From the best-selling author of The Elegance of the Hedgehog comes a story about a woman's journey to discover the father she never knew and a love she never thought possible.
Rose has just turned forty when she gets a call from a lawyer asking her to come to Kyoto for the reading of her estranged father’s will. And so for the first time in her life she finds herself in Japan, where Paul, her father’s assistant, is waiting to greet her.
As Paul guides Rose along a mysterious itinerary designed by her deceased father, her bitterness and anger are soothed by the stones and the trees in the Zen gardens they move through. During their walks, Rose encounters acquaintances of her father—including a potter and poet, an old lady friend, his housekeeper and chauffeur—whose interactions help her to slowly begin to accept a part of herself that she has never before acknowledged.
As the reading of the will gets closer, Rose’s father finally, posthumously, opens his heart to his daughter, offering her a poignant understanding of his love and a way to accept all she has lost.
Barberry (The Elegance of the Hedgehog) returns with a lyrical and opaque story of a French woman grieving her Japanese father, a man she'd never met. Forty-year-old Parisian botanist Rose travels to Kyoto for the reading of the will of her father, the influential art dealer Haru Ueno. Before the reading, Haru's assistant, Paul, a Belgian widower, drags Rose along to visit a series of temples as part of an itinerary left by Haru. Uncertain how she should feel and initially disoriented by the gardens and flowers around her, Rose yearns to know more about her father. She discovers, despite remaining distant, that he kept up with her life by hiring photographers to follow her and send back photos. She drifts through the days with lugubrious philosophical thoughts ("The branches reconstituted a tableau of perfection, and the visual choreography of it touched her heart but also irritated her"), and just as Rose recognizes her attraction to Paul, he leaves suddenly for Tokyo on business, and the day of the will reading rapidly approaches. Barberry includes standalone aphoristic Japanese tales, such as that of a healer who "knew the virtues of plants," which add texture but feel tenuously connected to the central narrative. This plaintive novel impresses with its smoothness, but it will leave readers wondering how the pieces are meant to fit together.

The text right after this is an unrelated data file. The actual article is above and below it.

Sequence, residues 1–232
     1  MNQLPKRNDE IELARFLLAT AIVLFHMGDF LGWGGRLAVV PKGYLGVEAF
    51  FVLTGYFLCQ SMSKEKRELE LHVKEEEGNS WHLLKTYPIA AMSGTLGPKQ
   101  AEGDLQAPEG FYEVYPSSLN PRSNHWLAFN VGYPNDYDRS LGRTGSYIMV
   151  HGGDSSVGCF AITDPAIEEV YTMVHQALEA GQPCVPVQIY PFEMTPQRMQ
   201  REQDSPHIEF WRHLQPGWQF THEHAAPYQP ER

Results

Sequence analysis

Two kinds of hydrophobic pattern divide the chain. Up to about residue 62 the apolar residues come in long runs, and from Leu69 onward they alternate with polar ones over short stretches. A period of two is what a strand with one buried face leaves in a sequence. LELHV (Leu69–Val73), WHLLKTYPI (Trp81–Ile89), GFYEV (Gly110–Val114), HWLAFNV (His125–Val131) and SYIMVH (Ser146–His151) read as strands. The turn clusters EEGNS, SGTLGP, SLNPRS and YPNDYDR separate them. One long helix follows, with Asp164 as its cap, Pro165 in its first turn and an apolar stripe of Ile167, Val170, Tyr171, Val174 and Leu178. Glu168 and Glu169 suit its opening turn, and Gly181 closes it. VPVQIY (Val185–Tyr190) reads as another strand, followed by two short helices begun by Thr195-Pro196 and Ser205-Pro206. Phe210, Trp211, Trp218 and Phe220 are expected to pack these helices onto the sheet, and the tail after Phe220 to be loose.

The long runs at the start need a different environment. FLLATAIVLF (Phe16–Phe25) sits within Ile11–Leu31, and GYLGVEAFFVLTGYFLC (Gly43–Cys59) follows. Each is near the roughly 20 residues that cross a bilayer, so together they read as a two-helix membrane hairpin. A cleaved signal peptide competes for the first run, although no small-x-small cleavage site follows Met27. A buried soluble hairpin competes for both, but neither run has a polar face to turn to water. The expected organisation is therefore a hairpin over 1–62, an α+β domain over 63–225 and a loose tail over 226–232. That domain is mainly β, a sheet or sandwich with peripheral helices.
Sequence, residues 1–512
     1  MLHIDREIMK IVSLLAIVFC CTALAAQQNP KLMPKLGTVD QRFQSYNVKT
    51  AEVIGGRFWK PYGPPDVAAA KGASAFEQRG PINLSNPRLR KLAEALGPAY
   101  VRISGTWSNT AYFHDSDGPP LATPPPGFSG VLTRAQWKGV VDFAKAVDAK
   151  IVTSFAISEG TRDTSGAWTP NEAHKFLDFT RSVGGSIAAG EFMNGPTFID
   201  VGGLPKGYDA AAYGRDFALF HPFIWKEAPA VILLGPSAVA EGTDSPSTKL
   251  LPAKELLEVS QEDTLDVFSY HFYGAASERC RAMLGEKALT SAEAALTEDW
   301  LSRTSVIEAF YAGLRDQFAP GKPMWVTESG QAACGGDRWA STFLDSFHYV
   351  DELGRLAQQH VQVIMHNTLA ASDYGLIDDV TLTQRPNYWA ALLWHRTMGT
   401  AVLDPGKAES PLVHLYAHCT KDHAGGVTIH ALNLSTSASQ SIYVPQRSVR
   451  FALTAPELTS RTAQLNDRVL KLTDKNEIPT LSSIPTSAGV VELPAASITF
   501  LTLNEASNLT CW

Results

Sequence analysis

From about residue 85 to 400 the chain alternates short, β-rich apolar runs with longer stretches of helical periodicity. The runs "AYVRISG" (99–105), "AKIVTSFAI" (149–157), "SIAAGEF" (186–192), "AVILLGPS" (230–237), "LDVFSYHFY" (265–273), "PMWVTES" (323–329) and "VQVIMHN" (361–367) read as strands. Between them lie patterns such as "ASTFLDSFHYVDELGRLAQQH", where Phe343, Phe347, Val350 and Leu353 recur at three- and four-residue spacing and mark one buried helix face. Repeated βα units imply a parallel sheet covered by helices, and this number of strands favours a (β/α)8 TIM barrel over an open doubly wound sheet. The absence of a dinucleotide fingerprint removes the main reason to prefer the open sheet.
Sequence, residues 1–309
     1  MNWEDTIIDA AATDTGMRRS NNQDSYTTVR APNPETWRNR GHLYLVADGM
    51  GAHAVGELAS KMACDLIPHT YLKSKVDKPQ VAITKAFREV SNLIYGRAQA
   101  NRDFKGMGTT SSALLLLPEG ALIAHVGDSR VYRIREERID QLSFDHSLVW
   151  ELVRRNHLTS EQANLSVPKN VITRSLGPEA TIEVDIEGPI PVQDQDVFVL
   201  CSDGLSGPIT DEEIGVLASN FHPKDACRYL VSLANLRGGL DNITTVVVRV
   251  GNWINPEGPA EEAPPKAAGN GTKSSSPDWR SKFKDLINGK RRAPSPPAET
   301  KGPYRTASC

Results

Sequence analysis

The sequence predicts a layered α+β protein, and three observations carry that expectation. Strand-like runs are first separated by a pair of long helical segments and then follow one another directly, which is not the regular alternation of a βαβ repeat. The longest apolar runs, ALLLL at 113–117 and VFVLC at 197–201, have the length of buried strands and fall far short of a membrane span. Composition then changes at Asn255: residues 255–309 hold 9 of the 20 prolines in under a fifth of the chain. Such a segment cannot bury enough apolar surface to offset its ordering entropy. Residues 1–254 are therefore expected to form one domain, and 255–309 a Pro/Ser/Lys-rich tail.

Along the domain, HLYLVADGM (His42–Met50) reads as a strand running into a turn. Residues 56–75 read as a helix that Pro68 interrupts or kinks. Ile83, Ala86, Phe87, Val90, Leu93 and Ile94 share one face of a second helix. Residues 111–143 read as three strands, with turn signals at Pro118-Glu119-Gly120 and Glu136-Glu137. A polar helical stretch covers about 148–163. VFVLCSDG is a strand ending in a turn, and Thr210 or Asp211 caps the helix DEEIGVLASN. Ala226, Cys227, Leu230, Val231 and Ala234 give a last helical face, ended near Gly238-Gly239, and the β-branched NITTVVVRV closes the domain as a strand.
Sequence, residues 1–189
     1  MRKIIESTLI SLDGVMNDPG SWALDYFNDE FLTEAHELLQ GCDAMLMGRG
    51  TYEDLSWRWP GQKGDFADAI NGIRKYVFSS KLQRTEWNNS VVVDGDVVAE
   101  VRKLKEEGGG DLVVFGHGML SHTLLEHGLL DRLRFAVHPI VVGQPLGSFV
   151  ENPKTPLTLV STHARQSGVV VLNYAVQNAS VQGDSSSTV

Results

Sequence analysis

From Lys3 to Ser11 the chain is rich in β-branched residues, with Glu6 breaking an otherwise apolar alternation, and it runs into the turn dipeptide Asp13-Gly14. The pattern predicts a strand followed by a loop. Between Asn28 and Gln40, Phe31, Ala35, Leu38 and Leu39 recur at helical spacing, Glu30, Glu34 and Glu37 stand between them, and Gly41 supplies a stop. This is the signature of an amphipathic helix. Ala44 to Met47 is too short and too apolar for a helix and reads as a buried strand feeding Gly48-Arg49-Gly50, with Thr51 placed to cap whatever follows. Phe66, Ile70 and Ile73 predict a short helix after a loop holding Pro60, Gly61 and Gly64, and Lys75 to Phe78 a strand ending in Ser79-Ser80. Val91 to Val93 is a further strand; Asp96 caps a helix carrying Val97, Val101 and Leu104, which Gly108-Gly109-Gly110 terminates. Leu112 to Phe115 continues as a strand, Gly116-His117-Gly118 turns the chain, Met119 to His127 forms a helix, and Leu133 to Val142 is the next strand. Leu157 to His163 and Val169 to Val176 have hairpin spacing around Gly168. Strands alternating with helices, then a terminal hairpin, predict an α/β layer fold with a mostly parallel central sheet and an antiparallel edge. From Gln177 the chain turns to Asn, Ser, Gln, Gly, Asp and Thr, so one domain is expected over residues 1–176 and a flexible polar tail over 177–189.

A Beautifully written story
A Single Rose by Muriel Barbery is a beautifully written book about love, forgiveness, and family.
Rose goes to Kyoto Japan for the reading of her fathers’ will. A father who left her and her mother when she was just a baby. A father she had never met and had never received any communications from him. She’s resentful that he never contacted her, especially after her mother died a few years earlier.
When she arrives in Japan, she meets Paul, her father’s assistant, and he takes her on a tour of the sites and temples around Kyoto. This tour was pre-arranged by her father and through this tour, Rose learns more about her father and his love of Japan and his philosophies. She meets several friends of her Father’s and learns more about him, and through them, learns about herself.
This book is not an easy book to read, as it’s full of imagery and beautiful description. But, it’s a wonderful story, set in a beautiful location so it’s worth reading. I did enjoy this book, even when reading through the passages of description slowed me down a bit.
I received a complimentary copy of this book. Opinions expressed in this review are completely my own.